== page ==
The D.C. Circuit holds (2-1) that a group of fired social workers (SWAs) and social service assistants (SSAs) had – contrary to the district court’s ruling – sufficiently identified a “particular emploment practice” susceptible to challenge for its adverse racial impact under Title VII, 42 U.S.C. § 2000e-2(k)(1)(A)(i). The case is remanded for further consideration of whether the plaintiffs established a statistical racial disparity.
Davis v. District of Columbia, No. 17-7071 (D.C. Cir. June 7, 2019): Forty-seven plaintiffs filed suit alleging that their agency, the District of Columbia Child and Family Services Agency, selected categories of employees for a reduction-in-force (RIF) that were heavily staffed by Black employees. Due to a budget shortfall, the agency eliminated 115 positions. The plaintiffs alleged that “[a]t an agency that was 73.4 percent African American, 93 percent (107 out of 115)” of the RIF vicitms were Black.
By defendant’s own account, the “Agency ‘did not utilize a single uniform criteria, test or requirement’ in determining which positions would be eliminated,” but rather “realign[ed] functions and implement[ed] new service models,” as well as made “multiple individual decisions made by the Director working in close consultation with the Chief of Staff, the Deputy Directors in charge of CFSA’s various divisions, and other senior level managers in the Agency’s executive team.”
Then, curiously, the Agency reopened some of the eliminated positions, and even though plaintiffs applied for them, not all were allowed to return (only 18 out of 44 applicants were rehired). This was because the District imposed a new bachelor’s degree requirement for the job that a number of the fired employees could not satisfy.
The plaintiffs sued the District under Title VII and the D.C. Human Rights Act, alleging that the method used to select jobs for elimination and the new college-degree requirement both constituted disparate treatment (intentional discrimination) and disparate impact (a facially-neutral policy that lands substantially harder on the protected group). The district court granted a motion to dismiss in part, and eventually summary judgment on the remainder of the case. (The plaintiffs also pursued an age-discrimination theory, but did not pursue it on appeal).
Specifically on the RIF disparate-impact claim, “the district court granted summary judgment to the Agency on the threshold ground that ‘plaintiffs have failed to identify a specific employment practice’ actionable under a disparate-impact theory.” It also held, with respect to the college-degree disparate-impact claim, that “plaintiffs had failed to present evidence regarding the qualified labor pool.”
On appeal, the panel majority reverses in part. While affirming most of the dismissal, it remands the RIF disparate-impact claim on the ground that the plaintiffs sufficiently identified a “particular employment practice” under Title VII.
The panel majority notes that “this is the first time this court has been asked whether a RIF or, more precisely, the practices through which an employer implements a RIF are subject to disparate-impact review under Title VII.” It holds that while disparate-impact plaintiffs cannot rely on a “mere measurement of statistical shortfall” to make out their claim, the district court erred in holding that “plaintiffs identified only ‘an overall decisionmaking process,’ which did not meet the statutory requirement to identify the particular practices that caused them to lose their jobs.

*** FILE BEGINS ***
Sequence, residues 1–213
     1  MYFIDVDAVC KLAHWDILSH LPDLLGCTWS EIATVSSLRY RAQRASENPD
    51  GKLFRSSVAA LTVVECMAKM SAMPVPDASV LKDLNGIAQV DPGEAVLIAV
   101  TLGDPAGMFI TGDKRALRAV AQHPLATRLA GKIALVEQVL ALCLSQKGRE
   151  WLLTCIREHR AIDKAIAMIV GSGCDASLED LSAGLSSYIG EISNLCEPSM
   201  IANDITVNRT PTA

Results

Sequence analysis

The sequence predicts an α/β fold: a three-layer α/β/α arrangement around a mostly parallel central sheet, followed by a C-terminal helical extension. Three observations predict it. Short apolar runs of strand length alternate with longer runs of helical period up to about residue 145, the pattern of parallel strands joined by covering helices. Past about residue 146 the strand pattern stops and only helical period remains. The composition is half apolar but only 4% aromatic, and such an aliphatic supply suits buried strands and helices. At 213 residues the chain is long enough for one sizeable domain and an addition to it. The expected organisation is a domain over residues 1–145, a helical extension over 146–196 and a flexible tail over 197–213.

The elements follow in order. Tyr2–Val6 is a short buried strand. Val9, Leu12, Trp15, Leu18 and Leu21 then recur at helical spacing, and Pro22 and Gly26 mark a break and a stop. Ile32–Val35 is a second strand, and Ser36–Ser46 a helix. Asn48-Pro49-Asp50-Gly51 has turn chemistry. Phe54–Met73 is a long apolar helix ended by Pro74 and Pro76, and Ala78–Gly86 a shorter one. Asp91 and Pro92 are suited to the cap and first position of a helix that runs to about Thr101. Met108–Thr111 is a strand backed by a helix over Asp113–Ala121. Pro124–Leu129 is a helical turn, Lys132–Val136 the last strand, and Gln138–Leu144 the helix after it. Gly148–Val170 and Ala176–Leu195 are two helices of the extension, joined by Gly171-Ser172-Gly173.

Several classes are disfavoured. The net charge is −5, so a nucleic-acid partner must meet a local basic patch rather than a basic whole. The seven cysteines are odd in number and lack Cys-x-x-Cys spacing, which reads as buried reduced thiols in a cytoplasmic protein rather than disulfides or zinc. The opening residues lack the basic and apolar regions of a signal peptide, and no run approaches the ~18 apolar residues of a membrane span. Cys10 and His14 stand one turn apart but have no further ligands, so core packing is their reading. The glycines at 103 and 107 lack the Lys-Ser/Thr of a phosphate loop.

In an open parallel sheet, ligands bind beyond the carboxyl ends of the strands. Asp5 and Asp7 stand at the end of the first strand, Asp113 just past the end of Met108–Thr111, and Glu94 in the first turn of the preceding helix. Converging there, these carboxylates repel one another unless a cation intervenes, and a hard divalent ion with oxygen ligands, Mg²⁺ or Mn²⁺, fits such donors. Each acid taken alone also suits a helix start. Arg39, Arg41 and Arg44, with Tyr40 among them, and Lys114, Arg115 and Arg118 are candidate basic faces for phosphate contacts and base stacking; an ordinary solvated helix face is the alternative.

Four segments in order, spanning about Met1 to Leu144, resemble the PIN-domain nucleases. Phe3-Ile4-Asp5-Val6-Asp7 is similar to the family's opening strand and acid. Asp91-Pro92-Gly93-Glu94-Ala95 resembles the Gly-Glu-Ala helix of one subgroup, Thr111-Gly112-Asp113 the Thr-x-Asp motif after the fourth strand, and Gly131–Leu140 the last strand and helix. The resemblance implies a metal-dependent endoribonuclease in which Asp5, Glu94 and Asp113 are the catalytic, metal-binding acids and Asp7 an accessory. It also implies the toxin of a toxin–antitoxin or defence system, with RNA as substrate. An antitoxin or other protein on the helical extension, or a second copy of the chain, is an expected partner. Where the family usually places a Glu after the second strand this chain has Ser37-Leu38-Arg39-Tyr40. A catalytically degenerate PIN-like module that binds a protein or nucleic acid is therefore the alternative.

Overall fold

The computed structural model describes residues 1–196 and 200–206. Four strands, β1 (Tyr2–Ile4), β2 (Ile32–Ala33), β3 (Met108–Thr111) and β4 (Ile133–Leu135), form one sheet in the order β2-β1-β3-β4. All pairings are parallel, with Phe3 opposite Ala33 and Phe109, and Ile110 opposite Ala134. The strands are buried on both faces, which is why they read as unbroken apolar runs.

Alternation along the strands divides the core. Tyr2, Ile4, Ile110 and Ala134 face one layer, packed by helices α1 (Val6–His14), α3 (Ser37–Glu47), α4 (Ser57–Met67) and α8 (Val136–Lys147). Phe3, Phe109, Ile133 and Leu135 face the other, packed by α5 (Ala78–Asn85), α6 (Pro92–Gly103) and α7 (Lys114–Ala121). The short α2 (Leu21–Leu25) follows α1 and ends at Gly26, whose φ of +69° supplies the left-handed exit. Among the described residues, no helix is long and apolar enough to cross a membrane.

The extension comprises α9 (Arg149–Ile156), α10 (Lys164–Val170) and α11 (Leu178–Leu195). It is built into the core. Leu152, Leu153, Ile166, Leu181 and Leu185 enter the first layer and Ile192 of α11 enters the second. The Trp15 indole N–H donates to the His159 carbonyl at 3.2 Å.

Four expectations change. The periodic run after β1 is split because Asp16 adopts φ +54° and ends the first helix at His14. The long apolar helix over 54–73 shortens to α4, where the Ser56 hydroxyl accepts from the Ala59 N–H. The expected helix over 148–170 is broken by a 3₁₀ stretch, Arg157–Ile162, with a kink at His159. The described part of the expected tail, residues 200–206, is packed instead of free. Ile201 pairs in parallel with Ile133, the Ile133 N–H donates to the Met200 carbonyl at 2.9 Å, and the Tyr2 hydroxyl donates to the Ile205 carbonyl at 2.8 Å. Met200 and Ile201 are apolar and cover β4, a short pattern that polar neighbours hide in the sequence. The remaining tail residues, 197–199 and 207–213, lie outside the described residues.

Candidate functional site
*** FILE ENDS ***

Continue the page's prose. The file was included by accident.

As the panel majority summarizes, “[t]here is no mystery in this case as to the layoff practices plaintiffs challenge: the Agency’s choices to (a) target the SWA and SSA job categories for elimination; and (b) allow managers to make putatively individualized, discretionary and subjective choices of which positions to winnow from other units.” This was quite enough to meet their burden under 42 U.S.C. § 2000e-2(k)(1)(A)(i). “To the extent that a completed RIF is an identified event comprising selection and termination of a rash of employees, it is a far cry from the challenges to bottomline ‘racial imbalance in the work force’ that precedent and our colleague eschew.”
On remand, the district court is directed to determine whether “plaintiffs clear the statistical [disparity] hurdle.” If so, “the parties will have an opportunity after appropriate discovery to address whether the Agency’s execution of the reduction in force was justified by business necessity. Justification supporting elimination or downsizing of certain offices might at that point be seen to respond to the relevant statistical showing.”
The full panel also affirms judgment against plaintiffs on other grounds. It rejects the challenge to college-degree requirement because plaintiffs failed to establish a racial disparity with relevant evidence of a qualified applicant pool. It also holds that two plaintiffs were personally estopped from pursuing claims because they failed both “to disclose their potential Title VII claims in their bankruptcy petitions” and to present any evidence (including their own testimony) that the omission was inadvertent or mistaken.
In partial dissent, Judge Katsas would have entirely affirmed summary judgment, concluding that all that plaintiffs offered below was bottom-line racial disparity in termination untethered to a particular policy. “[T]he gravamen of the plaintiffs’ claim is that a set of layoffs caused the racial composition of the Agency’s workforce to change,” but “[t]he plaintiffs do not link that change to anything besides the layoffs. So, they have not identified any ‘particular employment practice’ that caused the adverse impact ….”